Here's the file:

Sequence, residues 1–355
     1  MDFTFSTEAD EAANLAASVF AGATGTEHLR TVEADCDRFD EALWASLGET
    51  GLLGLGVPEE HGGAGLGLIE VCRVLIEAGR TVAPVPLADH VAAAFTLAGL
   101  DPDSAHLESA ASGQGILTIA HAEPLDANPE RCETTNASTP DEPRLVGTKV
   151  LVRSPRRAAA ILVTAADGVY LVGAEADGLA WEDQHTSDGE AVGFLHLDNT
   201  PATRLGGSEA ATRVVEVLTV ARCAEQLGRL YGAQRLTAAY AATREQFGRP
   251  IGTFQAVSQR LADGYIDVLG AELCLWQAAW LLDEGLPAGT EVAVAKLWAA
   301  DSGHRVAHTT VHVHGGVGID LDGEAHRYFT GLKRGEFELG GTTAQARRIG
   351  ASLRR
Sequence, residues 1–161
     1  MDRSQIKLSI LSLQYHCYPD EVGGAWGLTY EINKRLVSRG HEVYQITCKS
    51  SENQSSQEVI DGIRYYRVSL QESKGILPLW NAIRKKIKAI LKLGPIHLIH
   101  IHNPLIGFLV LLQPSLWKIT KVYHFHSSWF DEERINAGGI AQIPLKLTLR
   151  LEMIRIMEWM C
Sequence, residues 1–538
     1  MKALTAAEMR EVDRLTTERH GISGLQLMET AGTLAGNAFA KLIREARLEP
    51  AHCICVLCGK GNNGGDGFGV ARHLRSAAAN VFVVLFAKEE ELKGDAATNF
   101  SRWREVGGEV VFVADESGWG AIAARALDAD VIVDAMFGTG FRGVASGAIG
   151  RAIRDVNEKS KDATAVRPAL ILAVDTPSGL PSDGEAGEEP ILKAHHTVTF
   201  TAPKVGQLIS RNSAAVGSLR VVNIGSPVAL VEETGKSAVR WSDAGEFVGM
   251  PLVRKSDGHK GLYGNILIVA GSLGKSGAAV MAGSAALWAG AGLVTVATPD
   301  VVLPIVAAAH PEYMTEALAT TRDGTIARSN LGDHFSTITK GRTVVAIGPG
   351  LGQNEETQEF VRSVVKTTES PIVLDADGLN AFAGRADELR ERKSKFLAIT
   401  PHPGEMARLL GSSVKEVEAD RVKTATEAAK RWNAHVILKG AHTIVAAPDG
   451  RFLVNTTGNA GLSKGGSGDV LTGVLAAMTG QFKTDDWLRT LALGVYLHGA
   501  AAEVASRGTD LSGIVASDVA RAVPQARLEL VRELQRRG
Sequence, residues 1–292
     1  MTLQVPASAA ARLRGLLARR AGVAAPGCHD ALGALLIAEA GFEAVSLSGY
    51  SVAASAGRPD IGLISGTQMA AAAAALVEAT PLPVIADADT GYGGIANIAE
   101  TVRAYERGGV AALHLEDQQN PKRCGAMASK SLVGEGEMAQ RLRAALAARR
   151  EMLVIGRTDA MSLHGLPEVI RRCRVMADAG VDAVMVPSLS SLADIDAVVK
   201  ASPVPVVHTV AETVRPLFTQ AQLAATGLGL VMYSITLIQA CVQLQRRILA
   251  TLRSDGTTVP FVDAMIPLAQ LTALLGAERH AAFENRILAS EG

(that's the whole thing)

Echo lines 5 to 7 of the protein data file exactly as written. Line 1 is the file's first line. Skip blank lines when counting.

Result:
   151  LVRSPRRAAA ILVTAADGVY LVGAEADGLA WEDQHTSDGE AVGFLHLDNT
   201  PATRLGGSEA ATRVVEVLTV ARCAEQLGRL YGAQRLTAAY AATREQFGRP
   251  IGTFQAVSQR LADGYIDVLG AELCLWQAAW LLDEGLPAGT EVAVAKLWAA